Ainsley then explained that they brought in outside consultants to help them figure out how to cut down costs and keep the paper from sinking. He said that this decision was one that caused some dismay because the consultants were not journalists.
Baron agreed that this was exactly why, stating that he was “not a fan” of the consultants because it concerned him to measure, on the editorial side of things, what they did in metrics. He stated that other newspapers where people had been cut in that manner had in his opinion, decreased in quality.
Ainsley admitted that they strayed from their task several times but still in the end contributed significantly to the successful strategy that the Globe then developed. At the same time, he praised the newsroom for working with the consultants, and also for “drawing lines where they needed to be drawn.”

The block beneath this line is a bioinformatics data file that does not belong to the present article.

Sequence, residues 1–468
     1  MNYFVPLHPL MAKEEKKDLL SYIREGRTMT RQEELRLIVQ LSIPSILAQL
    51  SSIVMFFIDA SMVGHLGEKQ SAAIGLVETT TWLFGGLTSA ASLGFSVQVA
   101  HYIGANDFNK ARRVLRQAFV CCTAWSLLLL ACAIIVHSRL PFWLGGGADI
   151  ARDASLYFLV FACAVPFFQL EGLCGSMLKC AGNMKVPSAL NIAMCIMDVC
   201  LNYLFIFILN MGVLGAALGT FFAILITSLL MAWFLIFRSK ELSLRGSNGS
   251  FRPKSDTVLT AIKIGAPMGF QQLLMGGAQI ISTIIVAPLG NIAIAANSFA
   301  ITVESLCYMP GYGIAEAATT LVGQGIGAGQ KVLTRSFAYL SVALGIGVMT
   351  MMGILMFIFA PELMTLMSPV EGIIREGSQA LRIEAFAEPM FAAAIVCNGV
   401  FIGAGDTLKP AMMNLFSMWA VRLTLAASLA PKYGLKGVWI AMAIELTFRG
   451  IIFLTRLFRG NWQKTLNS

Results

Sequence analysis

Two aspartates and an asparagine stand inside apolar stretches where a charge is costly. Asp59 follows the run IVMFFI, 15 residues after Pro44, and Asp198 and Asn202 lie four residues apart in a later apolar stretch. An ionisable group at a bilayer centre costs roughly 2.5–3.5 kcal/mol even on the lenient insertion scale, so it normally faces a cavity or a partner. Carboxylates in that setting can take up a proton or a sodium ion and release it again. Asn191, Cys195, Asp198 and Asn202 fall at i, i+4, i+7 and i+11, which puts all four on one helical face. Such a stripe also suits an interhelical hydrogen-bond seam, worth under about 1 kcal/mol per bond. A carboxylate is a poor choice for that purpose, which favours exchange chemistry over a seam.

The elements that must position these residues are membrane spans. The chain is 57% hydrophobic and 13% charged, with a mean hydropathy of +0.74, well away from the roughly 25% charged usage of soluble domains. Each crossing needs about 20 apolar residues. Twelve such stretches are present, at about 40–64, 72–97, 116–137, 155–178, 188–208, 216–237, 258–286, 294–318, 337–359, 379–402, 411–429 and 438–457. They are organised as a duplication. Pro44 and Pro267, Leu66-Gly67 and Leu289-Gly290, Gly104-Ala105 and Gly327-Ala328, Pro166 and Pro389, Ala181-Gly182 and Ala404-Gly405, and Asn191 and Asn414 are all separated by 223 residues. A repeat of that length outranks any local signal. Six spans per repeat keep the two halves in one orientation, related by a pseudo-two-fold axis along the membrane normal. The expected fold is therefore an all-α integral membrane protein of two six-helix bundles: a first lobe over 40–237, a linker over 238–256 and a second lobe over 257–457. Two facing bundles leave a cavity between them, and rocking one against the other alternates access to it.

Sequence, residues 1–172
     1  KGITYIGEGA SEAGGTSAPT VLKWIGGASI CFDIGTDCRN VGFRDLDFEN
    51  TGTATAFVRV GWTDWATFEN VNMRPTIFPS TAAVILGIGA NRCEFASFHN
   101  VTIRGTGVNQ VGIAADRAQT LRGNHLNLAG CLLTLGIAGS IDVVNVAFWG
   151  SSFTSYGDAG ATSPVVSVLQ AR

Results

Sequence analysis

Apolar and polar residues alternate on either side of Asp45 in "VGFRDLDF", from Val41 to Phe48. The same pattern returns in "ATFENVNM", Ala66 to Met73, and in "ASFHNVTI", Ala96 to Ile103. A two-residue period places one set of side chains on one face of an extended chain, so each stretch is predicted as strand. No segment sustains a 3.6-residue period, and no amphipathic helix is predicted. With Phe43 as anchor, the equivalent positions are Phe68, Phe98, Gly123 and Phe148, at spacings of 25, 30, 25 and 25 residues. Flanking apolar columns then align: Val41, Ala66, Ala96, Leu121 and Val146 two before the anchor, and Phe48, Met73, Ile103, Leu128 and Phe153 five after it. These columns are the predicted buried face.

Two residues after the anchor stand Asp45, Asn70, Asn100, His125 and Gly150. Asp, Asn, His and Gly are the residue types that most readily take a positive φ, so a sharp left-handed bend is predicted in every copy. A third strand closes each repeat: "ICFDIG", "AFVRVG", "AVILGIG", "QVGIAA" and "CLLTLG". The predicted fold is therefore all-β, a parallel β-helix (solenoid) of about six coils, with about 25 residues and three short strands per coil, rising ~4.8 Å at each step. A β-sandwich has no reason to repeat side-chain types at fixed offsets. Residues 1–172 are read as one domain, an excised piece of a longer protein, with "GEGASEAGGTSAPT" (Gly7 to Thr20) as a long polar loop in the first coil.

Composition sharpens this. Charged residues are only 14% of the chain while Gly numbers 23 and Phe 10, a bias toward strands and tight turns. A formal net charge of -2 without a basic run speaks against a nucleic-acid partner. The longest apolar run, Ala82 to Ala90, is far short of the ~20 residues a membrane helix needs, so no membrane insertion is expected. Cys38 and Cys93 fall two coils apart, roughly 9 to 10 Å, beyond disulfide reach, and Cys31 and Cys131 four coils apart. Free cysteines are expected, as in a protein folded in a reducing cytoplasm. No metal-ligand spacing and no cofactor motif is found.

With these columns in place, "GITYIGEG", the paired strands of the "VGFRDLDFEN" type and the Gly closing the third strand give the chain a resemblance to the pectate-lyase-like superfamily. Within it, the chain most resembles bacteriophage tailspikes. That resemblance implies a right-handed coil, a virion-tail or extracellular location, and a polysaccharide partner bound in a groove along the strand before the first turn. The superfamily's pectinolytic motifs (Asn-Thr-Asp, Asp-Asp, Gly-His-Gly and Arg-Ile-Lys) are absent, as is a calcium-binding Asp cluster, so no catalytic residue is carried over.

The fact that these speakers came from a specific newspaper, and one who had a story of recovery no less (as the New York Times has decided in the last month to take them off the market) gave them an upbeat view. Baron pointed out that through the internet and other media they can now engage viewers and readers in ways they never could before.
“The readership of journalism everywhere is greater than it ever was,” Baron said, bringing up the fact that when the Boston Globe broke the investigation into sex abuse crimes in the Catholic Church, people around the world were following the story.